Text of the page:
Now are we here for, for you to learn how to perform better? Yeah. But this is not a performance for which people pay to see you on stage. That's not what we're here to do. And so, yeah, that's, that's the thing I wish that I would have been told.
Also that you're damn near going to be broke trying to teach Pilates. That is not, not that it can't be lucrative. I think that it can, but you know, there's, it's almost, you know, Pilates has kind of become a little Hollywood to me.
You know, there's certain teachers who are just really out there and they're, you know, they got their books and their workshops, and everybody wants to bow down to them and put their face on a t-shirt and you know, all this stuff and, you know. Or they want to be the next, [00:19:00] the next elder or whatever.
And, you know, just like there's only going to be one Michael Jackson, one Prince, you know, one Michael Jordan, one Serena Williams.
There's only going to be one Joseph Pilates. There's only gonna be one Romana. There's only going to be one Ron Fletcher, one Jay Grimes, one Kathy Grant, one Eve Gentry, one Mary Bowen, one Lolita San Miguel, you know, one Carola Trier. There's only going to be one of them. And that's it folks. Sorry.
I mean, it's great, you know, and wonderful for what you're doing, you know, and stuff like that. But I didn't- I wish someone would have told me that I was walking into some Pilates Hollywood, that I would have to deal with, you know, and listen to the bullshit that I listened to, or that I see online. That people were going to criticize how I perform an [00:20:00] exercise. And that was going to be a regular thing, that people were just always going to be, have something to say about how I do it.
Yeah, the broke thing. I mean, you, you're actually not going to be broke. I mean, you're never, you're not broke until you just as like, it's just triple zeroes. Like you triple zeroes all the time. So you're not really broke, but you're not like you definitely not pulling in the dollars. Let's say that.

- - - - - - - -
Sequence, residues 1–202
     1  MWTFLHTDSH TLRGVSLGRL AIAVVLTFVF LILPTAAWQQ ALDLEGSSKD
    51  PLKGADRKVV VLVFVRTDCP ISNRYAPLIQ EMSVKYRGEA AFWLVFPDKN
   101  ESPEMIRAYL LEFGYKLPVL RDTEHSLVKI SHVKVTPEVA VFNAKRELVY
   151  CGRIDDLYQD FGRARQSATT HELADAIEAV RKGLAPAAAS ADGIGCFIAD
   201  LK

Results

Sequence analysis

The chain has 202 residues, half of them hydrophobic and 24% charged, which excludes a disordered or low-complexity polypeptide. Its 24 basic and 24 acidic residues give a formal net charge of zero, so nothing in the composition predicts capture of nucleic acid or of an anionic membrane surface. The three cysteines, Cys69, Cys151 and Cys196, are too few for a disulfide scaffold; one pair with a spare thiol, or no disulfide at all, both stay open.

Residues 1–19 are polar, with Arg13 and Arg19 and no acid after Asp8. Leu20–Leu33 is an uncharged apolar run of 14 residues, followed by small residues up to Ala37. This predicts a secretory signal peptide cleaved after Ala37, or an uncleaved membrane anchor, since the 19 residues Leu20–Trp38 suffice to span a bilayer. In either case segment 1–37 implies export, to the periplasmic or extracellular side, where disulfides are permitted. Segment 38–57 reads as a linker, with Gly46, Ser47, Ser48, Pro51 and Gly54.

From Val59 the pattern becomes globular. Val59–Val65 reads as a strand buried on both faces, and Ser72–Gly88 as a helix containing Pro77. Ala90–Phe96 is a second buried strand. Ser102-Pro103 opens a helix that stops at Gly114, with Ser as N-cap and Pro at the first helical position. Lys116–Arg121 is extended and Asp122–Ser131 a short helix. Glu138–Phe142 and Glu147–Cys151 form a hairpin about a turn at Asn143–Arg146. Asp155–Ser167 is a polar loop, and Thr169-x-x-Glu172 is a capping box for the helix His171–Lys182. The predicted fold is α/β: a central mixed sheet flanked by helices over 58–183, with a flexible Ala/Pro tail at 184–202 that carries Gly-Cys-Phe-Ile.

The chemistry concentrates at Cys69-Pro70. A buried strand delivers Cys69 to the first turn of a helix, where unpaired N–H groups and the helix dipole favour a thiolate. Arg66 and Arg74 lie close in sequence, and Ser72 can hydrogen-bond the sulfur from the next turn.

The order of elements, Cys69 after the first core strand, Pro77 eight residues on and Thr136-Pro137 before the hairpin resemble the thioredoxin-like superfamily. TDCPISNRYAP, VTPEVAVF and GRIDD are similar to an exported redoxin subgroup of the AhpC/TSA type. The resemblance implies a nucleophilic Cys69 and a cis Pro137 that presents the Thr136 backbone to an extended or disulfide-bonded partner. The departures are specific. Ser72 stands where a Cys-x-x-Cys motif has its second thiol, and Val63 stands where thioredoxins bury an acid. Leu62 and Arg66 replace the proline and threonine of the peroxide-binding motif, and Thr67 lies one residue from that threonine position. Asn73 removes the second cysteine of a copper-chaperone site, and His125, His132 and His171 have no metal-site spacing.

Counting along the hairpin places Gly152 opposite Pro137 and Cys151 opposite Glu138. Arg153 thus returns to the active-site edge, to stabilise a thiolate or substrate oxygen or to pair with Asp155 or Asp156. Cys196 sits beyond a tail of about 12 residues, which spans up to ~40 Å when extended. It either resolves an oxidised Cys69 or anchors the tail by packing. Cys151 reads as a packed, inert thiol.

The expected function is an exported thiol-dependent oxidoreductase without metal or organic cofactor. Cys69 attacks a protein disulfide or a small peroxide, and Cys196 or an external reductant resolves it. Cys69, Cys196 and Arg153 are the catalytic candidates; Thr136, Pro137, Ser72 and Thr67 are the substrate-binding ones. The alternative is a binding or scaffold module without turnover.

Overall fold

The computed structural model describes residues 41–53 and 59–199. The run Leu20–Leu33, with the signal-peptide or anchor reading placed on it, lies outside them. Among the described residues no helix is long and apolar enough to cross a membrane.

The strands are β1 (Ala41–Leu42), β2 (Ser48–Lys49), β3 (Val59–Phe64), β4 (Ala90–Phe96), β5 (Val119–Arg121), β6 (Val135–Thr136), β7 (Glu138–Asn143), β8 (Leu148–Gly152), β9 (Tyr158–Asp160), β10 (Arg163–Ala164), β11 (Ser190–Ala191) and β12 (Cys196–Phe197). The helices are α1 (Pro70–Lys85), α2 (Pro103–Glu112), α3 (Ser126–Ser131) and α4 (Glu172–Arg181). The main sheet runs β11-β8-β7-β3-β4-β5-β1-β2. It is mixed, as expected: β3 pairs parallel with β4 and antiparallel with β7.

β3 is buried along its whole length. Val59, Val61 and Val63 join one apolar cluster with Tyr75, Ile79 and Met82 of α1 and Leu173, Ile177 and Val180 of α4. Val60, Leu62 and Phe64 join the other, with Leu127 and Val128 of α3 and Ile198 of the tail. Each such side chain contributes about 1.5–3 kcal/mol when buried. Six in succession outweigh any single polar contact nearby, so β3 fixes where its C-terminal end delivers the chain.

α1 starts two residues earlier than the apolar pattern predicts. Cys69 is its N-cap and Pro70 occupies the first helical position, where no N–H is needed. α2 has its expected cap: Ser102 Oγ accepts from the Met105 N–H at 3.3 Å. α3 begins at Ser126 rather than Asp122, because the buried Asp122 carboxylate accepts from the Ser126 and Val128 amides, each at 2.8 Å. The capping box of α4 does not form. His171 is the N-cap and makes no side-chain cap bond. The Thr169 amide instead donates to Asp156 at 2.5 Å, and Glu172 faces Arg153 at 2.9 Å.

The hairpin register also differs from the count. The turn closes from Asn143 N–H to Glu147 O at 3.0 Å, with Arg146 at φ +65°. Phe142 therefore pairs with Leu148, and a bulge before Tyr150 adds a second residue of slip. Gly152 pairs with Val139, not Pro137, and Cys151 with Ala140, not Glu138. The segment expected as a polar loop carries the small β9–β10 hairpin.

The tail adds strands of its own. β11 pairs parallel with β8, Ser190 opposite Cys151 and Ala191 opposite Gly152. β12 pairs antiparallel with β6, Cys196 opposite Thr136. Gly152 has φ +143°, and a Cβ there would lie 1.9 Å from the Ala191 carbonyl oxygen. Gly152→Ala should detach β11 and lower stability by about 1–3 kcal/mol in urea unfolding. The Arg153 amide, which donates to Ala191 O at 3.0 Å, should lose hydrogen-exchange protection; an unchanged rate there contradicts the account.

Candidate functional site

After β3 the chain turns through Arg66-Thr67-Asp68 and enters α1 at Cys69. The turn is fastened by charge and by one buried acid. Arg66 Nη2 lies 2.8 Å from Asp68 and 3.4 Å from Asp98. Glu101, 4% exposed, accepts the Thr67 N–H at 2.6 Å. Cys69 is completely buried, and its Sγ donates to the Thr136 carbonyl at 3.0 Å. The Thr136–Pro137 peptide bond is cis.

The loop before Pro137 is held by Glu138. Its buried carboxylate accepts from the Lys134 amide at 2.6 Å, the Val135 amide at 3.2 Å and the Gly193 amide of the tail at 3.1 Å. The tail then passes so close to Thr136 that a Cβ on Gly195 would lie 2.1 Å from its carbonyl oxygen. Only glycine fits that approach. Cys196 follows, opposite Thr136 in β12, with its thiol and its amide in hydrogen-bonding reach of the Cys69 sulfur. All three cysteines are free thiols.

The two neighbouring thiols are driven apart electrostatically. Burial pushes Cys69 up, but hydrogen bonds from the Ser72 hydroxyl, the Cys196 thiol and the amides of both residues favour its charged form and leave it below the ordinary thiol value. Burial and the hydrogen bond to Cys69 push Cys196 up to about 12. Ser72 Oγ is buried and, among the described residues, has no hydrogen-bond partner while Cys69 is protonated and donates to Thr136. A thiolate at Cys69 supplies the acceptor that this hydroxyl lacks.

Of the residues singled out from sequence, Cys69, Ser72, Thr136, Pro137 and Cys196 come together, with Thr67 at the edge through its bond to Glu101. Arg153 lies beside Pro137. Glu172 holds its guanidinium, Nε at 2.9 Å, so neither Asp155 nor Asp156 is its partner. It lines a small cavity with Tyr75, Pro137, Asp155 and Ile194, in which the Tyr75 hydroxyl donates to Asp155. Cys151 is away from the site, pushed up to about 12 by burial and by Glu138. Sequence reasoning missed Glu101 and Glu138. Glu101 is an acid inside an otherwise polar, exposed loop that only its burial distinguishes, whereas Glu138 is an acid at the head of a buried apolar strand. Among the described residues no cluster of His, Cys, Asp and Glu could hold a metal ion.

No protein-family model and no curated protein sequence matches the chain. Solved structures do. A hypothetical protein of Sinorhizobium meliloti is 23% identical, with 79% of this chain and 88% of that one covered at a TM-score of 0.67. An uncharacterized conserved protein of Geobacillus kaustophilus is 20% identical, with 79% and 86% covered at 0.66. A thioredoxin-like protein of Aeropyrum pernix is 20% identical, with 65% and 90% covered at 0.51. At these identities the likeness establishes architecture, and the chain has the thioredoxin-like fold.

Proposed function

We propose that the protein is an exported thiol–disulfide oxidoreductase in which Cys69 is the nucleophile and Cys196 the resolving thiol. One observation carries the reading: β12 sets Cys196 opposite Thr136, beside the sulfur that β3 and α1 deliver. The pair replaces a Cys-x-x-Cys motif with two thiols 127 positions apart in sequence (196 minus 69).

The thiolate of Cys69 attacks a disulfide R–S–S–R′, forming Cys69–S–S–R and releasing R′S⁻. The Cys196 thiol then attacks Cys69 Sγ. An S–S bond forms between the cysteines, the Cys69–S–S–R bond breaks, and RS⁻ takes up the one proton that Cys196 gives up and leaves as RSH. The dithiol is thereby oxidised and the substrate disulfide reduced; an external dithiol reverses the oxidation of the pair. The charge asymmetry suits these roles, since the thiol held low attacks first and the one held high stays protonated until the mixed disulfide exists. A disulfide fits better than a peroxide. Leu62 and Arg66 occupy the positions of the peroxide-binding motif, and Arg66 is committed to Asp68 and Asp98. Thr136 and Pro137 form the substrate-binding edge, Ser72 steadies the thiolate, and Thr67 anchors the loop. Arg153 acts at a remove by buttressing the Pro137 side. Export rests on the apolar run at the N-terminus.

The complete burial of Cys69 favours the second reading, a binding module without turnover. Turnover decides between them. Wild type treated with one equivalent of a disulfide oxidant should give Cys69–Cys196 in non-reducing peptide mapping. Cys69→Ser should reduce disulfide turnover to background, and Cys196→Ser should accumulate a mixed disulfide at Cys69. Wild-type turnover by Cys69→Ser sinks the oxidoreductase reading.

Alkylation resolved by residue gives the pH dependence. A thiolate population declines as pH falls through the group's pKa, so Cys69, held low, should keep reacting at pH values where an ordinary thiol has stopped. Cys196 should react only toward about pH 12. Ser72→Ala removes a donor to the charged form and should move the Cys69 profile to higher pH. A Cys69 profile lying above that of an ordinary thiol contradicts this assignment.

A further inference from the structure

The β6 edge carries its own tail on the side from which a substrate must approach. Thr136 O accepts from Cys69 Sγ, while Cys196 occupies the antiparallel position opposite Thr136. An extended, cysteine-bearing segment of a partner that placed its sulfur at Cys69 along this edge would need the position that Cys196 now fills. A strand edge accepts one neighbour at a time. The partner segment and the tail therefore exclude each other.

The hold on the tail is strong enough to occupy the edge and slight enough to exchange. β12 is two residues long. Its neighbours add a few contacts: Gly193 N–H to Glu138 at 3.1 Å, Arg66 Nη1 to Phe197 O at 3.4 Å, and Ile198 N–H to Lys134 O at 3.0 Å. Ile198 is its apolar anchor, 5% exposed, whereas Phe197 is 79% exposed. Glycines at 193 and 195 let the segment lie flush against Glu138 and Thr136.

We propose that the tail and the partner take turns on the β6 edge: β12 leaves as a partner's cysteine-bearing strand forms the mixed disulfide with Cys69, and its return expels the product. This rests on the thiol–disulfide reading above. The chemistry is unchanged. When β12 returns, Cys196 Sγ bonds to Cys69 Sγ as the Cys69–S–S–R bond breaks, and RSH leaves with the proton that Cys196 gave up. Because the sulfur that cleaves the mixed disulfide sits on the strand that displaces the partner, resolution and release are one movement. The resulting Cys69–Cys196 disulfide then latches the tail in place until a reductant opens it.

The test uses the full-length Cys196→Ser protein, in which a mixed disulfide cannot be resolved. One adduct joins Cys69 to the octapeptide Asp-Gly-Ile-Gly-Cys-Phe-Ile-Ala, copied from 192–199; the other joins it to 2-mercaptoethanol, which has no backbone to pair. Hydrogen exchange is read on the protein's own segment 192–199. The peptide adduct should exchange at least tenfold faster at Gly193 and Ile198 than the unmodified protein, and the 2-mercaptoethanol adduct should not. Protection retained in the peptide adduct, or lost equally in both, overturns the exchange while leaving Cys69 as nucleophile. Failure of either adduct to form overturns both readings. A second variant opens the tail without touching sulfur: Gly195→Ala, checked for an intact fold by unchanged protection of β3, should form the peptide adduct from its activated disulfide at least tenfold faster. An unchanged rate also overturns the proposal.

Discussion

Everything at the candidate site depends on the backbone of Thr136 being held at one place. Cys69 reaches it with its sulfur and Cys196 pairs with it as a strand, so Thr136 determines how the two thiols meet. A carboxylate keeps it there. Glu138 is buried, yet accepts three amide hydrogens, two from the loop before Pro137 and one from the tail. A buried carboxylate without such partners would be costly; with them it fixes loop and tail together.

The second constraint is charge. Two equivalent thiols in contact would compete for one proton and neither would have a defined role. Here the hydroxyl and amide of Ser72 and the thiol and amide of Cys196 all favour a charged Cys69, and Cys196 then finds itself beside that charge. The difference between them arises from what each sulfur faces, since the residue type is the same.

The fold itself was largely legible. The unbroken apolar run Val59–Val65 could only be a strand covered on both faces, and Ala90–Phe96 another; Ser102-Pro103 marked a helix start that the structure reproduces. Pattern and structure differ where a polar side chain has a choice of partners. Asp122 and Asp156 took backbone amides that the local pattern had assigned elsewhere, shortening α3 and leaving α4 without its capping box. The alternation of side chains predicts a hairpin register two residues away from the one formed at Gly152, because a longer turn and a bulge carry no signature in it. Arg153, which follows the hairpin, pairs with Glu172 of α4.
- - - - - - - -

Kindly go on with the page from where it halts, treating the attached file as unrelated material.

It takes a while to kind of build that. It takes a moment to build your clientele, to figure out who, who your clientele are going to be. And that's another thing that I, you know, the mentorship program that I talked about with the Black instructors, as you know, I, I said, not only should you figure out whether you want to teach it or just do it, but if you decide that you want to teach it, who do you want to teach it to?
That's something that I was never, I never thought about. I mean, well, you know, and no, that's not true. I did know that I wanted to specifically teach to the Black community. I knew [00:21:00] that. And I did, you know, I did in some capacity, I do so more than I ever have in my career now because of Black Girl Pilates and Melananin Brothers of Pilates.
You know, that Romana is not the queen of Pilates. Now, I don't think any, I don't think very many people are going to tell me that. But that she's not. And again, it's no shade, that she is not, she is not classical Pilates.
That all of the elders, they were are open door to Pilates. And although we have extensions of them- you know, there's three women in my group who worked with Kathy Grant for a very, very long time time. I mean, for a couple of decades, you know, and that's, that's our connection to her. You're going to have those connections to those people, but no, none of them are the end all and be [00:22:00] all. None of them are. They're all, they're all the answer that we're looking for in Pilates, all of them.
Olivia: [00:22:08] And one last question for you today. And that's what do you hope that your students take away from sessions with you or class with you? What do you hope that you can impart to them about Pilates or life, I'd say?